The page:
A glucose-sensing neuron pair regulates insulin and glucagon in Drosophila

Yangkyun Oh, Jason Sih Yu Lai, Holly J. Mills, Hediye Erdjument-Bromage, Benno Giammarinaro, Khalil Saadipour, Justin G. Wang, Farhan Abu, Thomas A. Neubert, Greg S.B. Suh

Research output: Contribution to journalArticlepeer-review

54 Scopus citations


Although glucose-sensing neurons were identified more than 50 years ago, the physiological role of glucose sensing in metazoans remains unclear. Here we identify a pair of glucose-sensing neurons with bifurcated axons in the brain of Drosophila. One axon branch projects to insulin-producing cells to trigger the release of Drosophila insulin-like peptide 2 (dilp2) and the other extends to adipokinetic hormone (AKH)–producing cells to inhibit secretion of AKH, the fly analogue of glucagon. These axonal branches undergo synaptic remodelling in response to changes in their internal energy status. Silencing of these glucose-sensing neurons largely disabled the response of insulin-producing cells to glucose and dilp2 secretion, disinhibited AKH secretion in corpora cardiaca and caused hyperglycaemia, a hallmark feature of diabetes mellitus. We propose that these glucose-sensing neurons maintain glucose homeostasis by promoting the secretion of dilp2 and suppressing the release of AKH when haemolymph glucose levels are high.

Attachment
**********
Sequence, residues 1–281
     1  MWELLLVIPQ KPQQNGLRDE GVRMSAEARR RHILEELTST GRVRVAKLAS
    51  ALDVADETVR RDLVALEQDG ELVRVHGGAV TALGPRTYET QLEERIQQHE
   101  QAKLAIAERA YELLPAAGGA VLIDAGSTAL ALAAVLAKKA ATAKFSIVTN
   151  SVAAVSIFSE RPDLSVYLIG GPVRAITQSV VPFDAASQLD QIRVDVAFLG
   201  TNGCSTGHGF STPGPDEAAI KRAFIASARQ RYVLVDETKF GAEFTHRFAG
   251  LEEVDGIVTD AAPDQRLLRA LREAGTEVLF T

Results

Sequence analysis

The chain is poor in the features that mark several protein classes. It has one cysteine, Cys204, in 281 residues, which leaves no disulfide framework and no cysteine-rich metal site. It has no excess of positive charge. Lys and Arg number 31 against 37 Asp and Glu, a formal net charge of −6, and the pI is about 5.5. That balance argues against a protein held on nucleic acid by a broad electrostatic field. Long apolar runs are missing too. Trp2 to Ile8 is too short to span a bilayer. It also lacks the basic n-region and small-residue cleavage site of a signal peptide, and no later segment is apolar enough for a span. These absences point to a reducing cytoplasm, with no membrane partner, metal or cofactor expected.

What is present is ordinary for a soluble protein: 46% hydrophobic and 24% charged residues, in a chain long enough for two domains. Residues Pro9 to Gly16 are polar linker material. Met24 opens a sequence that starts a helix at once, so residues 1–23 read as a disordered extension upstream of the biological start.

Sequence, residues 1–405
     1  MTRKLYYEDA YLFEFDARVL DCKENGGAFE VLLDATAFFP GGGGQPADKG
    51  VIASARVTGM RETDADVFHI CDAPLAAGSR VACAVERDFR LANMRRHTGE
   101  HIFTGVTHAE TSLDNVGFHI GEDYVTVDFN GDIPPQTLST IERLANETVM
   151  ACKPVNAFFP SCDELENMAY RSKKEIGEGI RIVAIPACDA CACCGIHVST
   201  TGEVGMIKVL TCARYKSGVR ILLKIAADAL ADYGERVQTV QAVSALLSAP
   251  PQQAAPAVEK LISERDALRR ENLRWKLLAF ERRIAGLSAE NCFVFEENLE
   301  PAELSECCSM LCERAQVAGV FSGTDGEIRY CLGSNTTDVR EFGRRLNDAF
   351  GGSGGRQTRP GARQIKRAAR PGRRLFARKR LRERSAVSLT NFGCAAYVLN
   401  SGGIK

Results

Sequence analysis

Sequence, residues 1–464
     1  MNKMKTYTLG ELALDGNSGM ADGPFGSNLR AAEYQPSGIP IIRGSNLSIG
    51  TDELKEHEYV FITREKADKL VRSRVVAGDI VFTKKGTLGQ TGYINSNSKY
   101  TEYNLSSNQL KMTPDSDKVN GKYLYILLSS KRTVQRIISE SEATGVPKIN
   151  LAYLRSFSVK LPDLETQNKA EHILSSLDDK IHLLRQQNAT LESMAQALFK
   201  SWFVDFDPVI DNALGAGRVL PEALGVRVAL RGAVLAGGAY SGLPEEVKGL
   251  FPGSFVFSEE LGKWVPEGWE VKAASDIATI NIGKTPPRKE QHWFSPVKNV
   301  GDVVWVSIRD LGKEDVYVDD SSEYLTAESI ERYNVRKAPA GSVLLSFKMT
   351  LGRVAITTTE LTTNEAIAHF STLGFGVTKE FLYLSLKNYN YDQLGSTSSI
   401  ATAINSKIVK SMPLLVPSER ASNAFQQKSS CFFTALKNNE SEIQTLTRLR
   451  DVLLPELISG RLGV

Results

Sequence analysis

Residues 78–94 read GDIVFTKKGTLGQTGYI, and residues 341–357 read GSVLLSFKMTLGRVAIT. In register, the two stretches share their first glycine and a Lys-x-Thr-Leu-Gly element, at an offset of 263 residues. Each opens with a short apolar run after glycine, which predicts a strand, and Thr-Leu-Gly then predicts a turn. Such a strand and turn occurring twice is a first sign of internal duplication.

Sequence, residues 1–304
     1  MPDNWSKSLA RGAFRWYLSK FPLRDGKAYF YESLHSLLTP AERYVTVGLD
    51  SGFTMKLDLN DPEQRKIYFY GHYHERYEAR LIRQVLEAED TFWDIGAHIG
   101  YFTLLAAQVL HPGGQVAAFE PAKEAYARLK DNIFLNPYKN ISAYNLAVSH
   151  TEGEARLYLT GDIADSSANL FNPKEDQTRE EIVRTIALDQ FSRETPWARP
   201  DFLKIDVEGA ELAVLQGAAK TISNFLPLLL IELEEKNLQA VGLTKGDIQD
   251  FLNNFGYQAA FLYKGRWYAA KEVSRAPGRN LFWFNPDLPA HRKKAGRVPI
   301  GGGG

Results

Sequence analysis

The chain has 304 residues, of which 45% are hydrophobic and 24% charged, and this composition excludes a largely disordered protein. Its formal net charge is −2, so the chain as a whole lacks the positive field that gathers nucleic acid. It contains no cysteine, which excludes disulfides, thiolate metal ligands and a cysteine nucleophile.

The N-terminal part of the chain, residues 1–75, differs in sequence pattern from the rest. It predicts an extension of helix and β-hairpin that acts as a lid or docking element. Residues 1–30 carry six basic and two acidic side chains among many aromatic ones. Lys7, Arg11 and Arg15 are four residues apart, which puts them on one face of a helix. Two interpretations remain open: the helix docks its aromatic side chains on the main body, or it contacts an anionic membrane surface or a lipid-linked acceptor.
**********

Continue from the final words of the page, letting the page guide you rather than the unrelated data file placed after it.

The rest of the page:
Original languageEnglish
Pages (from-to)559-564
Number of pages6
Issue number7779
StatePublished - 24 Oct 2019


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